Chelsea Bentley (Appalachia '15) discusses her path to teaching and commitment to student growth
May 2, 2017
Pike County, Kentucky
I’m a native of the Appalachian Mountains. There’s a lot about my identity and my story that has a strong correlation to why I was led to teaching. My parents divorced when I was young and my family was low-income. I was the student who had to fight my way through, stay after school for tutoring, and study hard. I knew that if I was to go to college, it would be due to my academic achievements and without financial support from my family. Despite my challenges at home, my teachers always recognized my accomplishments and motivation. They never lowered their expectations of me because I didn’t have a cookie-cutter life. That’s why teaching is so important to me, because I know there are students with stories that run parallel to mine. There are students that come into my classroom every day and crave that same unwavering belief that success is possible no matter the situation. That’s my favorite part about being a teacher—seeing the hope in their eyes when someone, maybe for the first time, tells them they can go to college, that they can be successful. Not despite their situation, but because of their resilience and choice to travel forward anyway.
I’ve always known that I wanted to work with children, but TFA was God-sent. As a non-traditional student, married at 19 while a sophomore in college, I had to begin working right after graduation to support my husband through the rest of his schooling. At a career fair I spotted a TFA booth and realized that it was exactly what I was looking for. I now know that teaching—in whatever capacity—is probably the only thing that will ever give me fulfillment. I’ve never been one to be complacent in doing just enough to get by—the extra mile is what I live for – and TFA is just that.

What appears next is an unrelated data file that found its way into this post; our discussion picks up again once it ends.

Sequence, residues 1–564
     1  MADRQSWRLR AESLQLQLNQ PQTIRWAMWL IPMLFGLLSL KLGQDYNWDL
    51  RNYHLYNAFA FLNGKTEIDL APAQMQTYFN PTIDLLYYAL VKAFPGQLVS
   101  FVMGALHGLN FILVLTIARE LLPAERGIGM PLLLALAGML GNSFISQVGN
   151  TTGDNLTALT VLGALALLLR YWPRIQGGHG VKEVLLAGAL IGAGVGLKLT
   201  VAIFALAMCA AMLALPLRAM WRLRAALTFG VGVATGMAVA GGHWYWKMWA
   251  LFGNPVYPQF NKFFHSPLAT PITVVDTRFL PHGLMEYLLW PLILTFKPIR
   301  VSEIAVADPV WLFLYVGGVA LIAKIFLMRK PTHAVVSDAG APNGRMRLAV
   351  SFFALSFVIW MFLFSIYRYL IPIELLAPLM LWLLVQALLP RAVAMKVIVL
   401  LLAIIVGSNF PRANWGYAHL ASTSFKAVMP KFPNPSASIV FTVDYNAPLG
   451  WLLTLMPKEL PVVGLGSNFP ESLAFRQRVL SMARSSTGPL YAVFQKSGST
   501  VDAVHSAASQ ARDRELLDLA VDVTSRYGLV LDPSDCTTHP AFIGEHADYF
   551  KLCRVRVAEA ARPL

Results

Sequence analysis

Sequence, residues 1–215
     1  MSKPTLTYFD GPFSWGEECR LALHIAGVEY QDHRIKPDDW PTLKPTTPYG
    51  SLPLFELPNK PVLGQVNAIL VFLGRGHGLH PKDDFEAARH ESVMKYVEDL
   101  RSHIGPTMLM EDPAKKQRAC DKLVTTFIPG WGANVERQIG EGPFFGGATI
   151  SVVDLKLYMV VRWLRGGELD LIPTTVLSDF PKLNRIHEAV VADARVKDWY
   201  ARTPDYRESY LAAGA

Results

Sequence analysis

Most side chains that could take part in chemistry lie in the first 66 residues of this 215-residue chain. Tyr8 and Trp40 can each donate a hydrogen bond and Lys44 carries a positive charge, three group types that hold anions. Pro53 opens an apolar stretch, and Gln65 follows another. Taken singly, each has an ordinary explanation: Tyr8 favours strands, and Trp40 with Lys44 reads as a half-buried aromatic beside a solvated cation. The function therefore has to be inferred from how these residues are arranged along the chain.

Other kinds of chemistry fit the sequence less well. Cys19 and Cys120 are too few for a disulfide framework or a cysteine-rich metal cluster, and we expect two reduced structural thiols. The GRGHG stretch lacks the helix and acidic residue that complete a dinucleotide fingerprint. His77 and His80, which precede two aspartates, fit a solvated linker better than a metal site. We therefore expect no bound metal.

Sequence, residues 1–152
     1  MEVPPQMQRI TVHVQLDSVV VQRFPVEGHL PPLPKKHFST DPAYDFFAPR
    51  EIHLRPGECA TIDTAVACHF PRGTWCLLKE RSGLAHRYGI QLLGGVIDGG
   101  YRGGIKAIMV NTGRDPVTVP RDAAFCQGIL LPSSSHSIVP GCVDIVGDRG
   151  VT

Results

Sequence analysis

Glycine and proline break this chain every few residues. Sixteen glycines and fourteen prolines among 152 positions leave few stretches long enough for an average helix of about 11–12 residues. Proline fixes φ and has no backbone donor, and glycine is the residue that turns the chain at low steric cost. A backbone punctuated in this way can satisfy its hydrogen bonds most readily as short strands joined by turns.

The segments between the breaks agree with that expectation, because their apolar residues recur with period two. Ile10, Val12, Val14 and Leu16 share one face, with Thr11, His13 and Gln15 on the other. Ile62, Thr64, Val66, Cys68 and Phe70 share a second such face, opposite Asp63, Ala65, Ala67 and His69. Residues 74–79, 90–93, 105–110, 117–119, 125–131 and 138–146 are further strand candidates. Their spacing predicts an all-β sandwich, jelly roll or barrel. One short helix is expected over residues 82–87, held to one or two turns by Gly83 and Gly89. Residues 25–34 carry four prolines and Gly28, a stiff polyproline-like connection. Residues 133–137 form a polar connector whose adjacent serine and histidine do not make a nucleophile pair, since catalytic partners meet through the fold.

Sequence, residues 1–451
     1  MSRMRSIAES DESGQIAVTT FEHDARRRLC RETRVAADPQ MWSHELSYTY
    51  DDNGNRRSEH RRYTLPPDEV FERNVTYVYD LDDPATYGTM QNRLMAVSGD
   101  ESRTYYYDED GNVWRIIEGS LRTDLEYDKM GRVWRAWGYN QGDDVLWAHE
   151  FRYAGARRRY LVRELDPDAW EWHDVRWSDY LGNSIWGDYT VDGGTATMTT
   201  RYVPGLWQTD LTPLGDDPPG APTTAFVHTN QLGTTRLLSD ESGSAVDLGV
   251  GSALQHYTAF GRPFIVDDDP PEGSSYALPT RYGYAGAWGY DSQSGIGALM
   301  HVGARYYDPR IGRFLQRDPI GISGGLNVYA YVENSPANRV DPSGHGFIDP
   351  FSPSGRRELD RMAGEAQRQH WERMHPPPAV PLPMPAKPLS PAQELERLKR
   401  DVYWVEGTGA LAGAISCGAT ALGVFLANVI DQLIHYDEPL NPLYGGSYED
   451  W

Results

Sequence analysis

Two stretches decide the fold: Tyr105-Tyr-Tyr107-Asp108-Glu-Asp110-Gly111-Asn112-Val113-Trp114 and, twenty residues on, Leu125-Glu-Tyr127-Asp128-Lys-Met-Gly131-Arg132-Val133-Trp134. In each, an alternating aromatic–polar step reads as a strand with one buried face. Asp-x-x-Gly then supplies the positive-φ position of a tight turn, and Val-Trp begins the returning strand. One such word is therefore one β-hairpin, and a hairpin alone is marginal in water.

In the classroom
In one class this year, my students started with their diagnostic data mastery average at 55%; by the end of the first semester the average had risen to 77%.I hold students to high standards and work current events into classes to further engage them, but the biggest shift in scores came from incorporating Kagan Structures to increase cooperative learning. Additionally, students have data folders in which they track each of their exams; by recording the numerical grade, graphing it so they can see their growth form, and reflecting on what external factors may have made a difference in their grade so they can plan accordingly in the future.
In the community
During my first year in the classroom I was an assistant coach for the volleyball and academic team, and this year I am the head coach for the academic team. I helped establish a community service project with my team and I require students to engage in service projects each month during the school year. My students have taken on leadership roles throughout the school and community, and I am proud to have been a part of helping them recognize their potential.